On July 30th, 2017, the elusive Frank Ocean captivated WayHome Music Festival with a grandiose, yet intimate performance. He took the stage in front of thousands of concertgoers and headlined the festival with confidence and talent alongside a quietness that engrossed the crowd unlike the acts before him. Those in attendance were privy to a generational talent — whether they knew it or not — and he was completely taciturn, yet communicative, through his presence and his music.
The modus operandi of Frank Ocean seems to be: “to lead a blonded life.” It’s arguably a “blondes have more fun” type of mentality, as Frank does whatever he wants, whenever he wants. His Kool-Aid blue hair and meticulously set up merch booth (with an equally, or grossly disproportionate, long line — you decide) are indicative of this fact. While his hair literally represented this "blonded" notion, the tent itself read "blonded" on both sides wherein hundreds of fans chose between a variety of custom made-to-order apparel.
In hindsight, Ocean’s series of cancellations prior to WayHome seem more understandable after watching his show at the end of last month. Spike Jonze has been reported to be involved in the cinematic visuals of his performance, Tom Sachs helped intricately design his stage set, and Ocean moved and sang with a discreet deliberateness all his own. It was a seriously calculated production. The setlist stuck primarily to songs from his most recent release, Blonde, while he did fit in new and old music alike: “Chanel,” “Lens,” “Biking,” “Comme des Garçon,” “Forrest Gump,” “Thinking About You” and “Pyramids” punctuated a perfect night. The show capitalized upon his reserved popularity; because someone as magnificent as Frank Ocean does not simply step out of the spotlight and return unnoticed — especially in this day and age of interconnectivity.
Previously, Ocean's social silence was louder than a fully funded ad campaign. He seemingly announced an album/magazine and painstakingly built up anticipation by saying nothing else; later, upon the release of his visual album, Endless, he simultaneously built a relationship with Apple Music while maneuvering his way out of a record contract with complete ownership of his master recordings; he then independently released Blonde on Apple and continued releasing new music at his leisure on blonded RADIO. So now, almost one full year since his reemergence and newly acquired self-determination, Ocean is still moving as silently or as loudly as he wants — it's his way or nothing.
Nevertheless, the festival circuit has its own pros and cons. It feels like Ocean’s return to the main stage is ironically about practice and relates to his perfectionism. As unlikely as it may seem, the probability of a solo tour might be on the horizon. And while this can be considered an exponential unknown in regards to the artist, fans are hopeful. Conversely, a festival show provides an intersection for a musician. Alone, the merit of performing offers and introduces an artist to new listeners. It’s an artistic outreach of sorts; however, the crowd was a mixture of those who listen to Frank Ocean, those who have heard of Frank Ocean and those who were simply attending WayHome. The sentiment obtained through the camaraderie of standom becomes lackluster amidst dozens, or hundreds, or thousands of neighbours who do not know his music like his cult-like fanbase.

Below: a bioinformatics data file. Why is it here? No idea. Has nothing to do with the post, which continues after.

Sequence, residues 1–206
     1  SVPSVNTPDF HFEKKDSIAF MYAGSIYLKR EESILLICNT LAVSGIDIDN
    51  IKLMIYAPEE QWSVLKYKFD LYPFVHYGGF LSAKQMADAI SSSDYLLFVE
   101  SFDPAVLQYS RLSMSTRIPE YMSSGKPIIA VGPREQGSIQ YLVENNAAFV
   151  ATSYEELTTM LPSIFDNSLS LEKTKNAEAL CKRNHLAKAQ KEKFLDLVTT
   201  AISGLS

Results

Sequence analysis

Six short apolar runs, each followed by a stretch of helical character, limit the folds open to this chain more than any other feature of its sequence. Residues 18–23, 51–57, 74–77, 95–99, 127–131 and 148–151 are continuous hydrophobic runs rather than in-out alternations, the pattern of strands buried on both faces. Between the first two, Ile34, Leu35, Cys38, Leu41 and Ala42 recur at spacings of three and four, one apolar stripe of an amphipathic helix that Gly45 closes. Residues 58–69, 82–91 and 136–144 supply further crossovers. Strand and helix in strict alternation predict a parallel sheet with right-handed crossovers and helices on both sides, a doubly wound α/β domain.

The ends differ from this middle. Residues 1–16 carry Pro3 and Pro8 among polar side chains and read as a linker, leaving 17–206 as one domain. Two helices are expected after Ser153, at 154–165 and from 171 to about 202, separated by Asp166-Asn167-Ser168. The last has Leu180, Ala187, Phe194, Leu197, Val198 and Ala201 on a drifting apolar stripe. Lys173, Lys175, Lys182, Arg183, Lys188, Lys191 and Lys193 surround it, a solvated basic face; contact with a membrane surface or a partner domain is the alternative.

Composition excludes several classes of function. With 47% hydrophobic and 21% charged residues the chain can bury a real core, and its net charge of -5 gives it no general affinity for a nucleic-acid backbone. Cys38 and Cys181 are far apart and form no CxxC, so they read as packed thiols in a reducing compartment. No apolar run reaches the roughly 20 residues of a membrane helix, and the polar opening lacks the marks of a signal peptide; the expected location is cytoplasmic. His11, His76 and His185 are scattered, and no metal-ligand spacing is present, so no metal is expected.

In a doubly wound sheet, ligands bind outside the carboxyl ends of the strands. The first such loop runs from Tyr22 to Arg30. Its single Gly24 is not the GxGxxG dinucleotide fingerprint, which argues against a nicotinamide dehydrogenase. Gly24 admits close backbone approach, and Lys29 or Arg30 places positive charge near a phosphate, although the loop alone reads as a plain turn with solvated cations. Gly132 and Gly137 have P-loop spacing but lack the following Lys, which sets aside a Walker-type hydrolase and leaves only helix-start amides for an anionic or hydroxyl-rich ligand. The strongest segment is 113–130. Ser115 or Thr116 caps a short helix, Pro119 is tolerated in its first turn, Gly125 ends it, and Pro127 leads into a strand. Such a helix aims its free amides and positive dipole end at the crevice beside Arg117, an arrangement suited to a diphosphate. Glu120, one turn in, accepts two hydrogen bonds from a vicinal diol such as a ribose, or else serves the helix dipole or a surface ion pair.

Unlike his contemporaries, Ocean has been resolute throughout the years. His artistic integrity and style have persevered since his first mixtape, nostalgia, ULTRA, which in itself is a testament to the musical climate we live in. His music is artful, mainstream, and yet underground in essence. With so many juxtapositions involved, it’s hard for a diehard fan to be truly mad at the lack of oneness experienced at WayHome, or any other festival for that matter.
Frank Ocean is seemingly an uncontainable genius and it's plausible to think he knows it. His performance was poetry in motion. His singing was brilliant, his music was piercing, and his perfectionism was prioritized. Playing "Close to You" he unexpectedly reset mid-song stating, "No … stop for a second. Okay, let me get this shit right," before restarting from the top. Again, this is Frank doing things for Frank. This is what makes him so captivating. The notion of celebrity has always been dependent on the relationship between themselves and their audience. In the peculiar case of Frank Ocean, however, he has broken the mold and is reinventing the status quo still with the listener in mind, albeit not so hyperfocused on their expectations, but rather more focused on his own instead. It's still a symbiotic relationship between artist and audience but Ocean has found solace in living up to his own standards rather than anyone else's.
In the end, Ocean is a contrarian through and through. To him, conventional notions of fame may be something worth renouncing but a talent such as his is impossible to hide. After all, "Frank Ocean appears courtesy of Frank Ocean." Fortunately for those in attendance, he showed up.